I was stocking drinks on the bottom shelf of the beer fridge last night when I heard him: “You look so good on your knees, sweetheart”.
These crude, uncomfortable comments are part of my every day life.
I first started working in hospitality at just 14 years old. I was young and eager to earn some quick cash, even if it meant scrubbing some dishes along the way.
But when I first started, I knew nothing about the reality of what it’s truly like for women working in the service industry.
You see, the reality is, sexual harassment, inappropriate comments, and sexual assault are all on the menu for young women who work in hospitality.
It happens everywhere – in fast food drive-thru windows, in hip cafes, swanky bars, dingy motels and family-friendly restaurants.
Everywhere I’ve worked, in most sectors of the hospitality world, I’ve experienced some level of sexual harassment.
In some workplaces, it’s once or twice a week. In others, it occurs virtually every shift.
At 15, I was working at a fast food restaurant and getting ready to close up when a man flashed his penis to my underage coworker and I. It’s a miracle that the doors were locked and he couldn’t get inside.
At 16, I had to ask men for their names for table orders. They would give me words like “fellatio” and “cunnilingus”, to try to make me uncomfortable.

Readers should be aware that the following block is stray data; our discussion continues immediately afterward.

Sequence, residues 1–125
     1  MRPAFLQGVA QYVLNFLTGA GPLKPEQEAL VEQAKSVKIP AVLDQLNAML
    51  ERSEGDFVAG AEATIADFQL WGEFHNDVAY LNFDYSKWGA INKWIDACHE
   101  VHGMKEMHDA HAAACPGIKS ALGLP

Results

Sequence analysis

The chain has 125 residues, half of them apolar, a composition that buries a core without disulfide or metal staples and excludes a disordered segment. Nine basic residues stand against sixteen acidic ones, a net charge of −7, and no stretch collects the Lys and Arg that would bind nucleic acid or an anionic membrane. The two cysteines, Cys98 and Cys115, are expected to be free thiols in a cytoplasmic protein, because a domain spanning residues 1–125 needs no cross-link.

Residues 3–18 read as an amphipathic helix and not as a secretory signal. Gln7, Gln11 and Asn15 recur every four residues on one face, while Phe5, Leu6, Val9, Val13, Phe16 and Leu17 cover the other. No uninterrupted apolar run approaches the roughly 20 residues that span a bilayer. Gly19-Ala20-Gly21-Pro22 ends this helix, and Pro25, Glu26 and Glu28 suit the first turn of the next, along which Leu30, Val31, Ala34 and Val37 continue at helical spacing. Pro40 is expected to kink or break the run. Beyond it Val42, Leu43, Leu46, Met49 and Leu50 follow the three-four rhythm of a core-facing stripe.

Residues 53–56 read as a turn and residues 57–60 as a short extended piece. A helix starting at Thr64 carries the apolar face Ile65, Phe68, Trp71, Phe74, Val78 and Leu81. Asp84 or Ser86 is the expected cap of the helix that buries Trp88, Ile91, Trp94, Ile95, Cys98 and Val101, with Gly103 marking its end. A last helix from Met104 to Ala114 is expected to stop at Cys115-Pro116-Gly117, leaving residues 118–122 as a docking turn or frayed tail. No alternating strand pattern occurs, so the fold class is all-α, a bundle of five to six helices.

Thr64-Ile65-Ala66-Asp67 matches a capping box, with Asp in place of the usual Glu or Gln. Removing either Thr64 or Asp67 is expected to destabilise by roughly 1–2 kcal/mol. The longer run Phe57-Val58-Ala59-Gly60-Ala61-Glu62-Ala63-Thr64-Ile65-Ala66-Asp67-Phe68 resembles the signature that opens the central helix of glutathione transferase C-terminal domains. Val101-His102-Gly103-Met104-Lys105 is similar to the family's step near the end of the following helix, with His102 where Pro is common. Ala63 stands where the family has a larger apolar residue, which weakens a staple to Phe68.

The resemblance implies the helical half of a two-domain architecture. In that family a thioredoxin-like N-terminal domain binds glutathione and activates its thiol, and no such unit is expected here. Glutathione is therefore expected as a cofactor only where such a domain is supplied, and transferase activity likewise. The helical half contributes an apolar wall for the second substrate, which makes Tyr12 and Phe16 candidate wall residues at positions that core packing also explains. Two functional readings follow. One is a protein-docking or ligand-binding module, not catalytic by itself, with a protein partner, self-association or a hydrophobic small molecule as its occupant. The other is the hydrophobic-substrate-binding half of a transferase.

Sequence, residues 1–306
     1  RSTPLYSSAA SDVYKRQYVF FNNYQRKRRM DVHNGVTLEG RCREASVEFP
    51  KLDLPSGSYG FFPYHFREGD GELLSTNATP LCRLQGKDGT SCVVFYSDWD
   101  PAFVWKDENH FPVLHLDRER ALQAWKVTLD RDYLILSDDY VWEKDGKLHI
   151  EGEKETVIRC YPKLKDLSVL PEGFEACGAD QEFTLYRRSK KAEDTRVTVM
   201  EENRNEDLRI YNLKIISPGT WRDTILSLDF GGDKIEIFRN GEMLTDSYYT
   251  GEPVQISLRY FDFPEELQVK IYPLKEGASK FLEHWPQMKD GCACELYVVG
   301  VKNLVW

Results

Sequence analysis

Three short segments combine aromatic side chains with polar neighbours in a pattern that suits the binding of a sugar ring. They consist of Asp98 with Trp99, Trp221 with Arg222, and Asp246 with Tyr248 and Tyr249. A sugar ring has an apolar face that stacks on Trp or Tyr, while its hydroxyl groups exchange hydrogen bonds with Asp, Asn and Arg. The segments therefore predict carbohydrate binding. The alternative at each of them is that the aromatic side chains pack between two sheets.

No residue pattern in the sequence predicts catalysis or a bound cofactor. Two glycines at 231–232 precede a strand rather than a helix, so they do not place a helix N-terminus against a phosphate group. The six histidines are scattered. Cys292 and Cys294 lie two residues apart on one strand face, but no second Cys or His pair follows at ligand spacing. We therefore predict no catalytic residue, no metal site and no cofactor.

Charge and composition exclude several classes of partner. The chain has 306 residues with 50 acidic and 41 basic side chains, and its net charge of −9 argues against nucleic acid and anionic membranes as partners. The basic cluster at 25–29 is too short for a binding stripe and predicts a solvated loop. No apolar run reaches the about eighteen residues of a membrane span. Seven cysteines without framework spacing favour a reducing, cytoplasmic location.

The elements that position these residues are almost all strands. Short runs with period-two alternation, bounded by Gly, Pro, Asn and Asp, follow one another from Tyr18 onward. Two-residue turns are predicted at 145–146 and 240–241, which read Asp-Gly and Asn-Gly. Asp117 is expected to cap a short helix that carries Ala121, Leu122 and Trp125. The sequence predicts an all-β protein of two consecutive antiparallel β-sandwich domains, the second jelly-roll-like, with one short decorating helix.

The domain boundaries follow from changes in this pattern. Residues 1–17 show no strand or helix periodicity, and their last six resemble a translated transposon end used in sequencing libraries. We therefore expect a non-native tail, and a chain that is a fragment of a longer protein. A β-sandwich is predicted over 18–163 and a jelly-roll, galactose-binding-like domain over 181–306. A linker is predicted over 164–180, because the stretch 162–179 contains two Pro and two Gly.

At 17, I stopped wearing my hair in braids to work after receiving repeated inappropriate comments from an older man about how cute my “handlebars” were.
At 20, I learned how aggressive men can be when you reject their inappropriate sexual advances on the job. I’ve had men swear at me, call me names and literally chuck tantrums when I say no.
Listen: The MMOL team discuss where the line lies between flirting and casual sexual assault. Post continues after audio...
My experience is not an outlier. In fact, it’s common and backed up by recent survey results. According to Respect is the Rule, 89% of young women in hospitality have experienced sexual harassment at work and 19% have been sexually assaulted.
Hospitality’s sexual harassment problem doesn’t just stop with customers - it extends to management and coworkers too.
One woman I spoke to was relentlessly harassed with inappropriate comments by the owner of an establishment she worked at, leaving her reluctant to ever go back into the industry.
Another young woman was offered a higher wage in a takeaway shop if she allowed the owner to touch her bum while she was at work.
Women in hospitality have also condemned management for failing to combat sexual harassment in the workplace, with one woman telling me that her manager told her comments on her breasts were “to be expected in this industry” and “just the way it is”.
Another woman told me about her 16-year-old sister-in-law who was explicitly asked for sex by two middle-aged men while working in a fast food drive-thru. The restaurant refused to release surveillance footage of the two men, making it harder for the young girl to take the matter to the police.
Women in hospitality are not asking for it. Every day, women in hospitality go to work feeling unsafe. They are in fear of being harassed, groped, assaulted or propositioned by their customers, co-workers or superiors. Enough is enough.
What is your experience with working in hospitality? Did you encounter sexual harassment?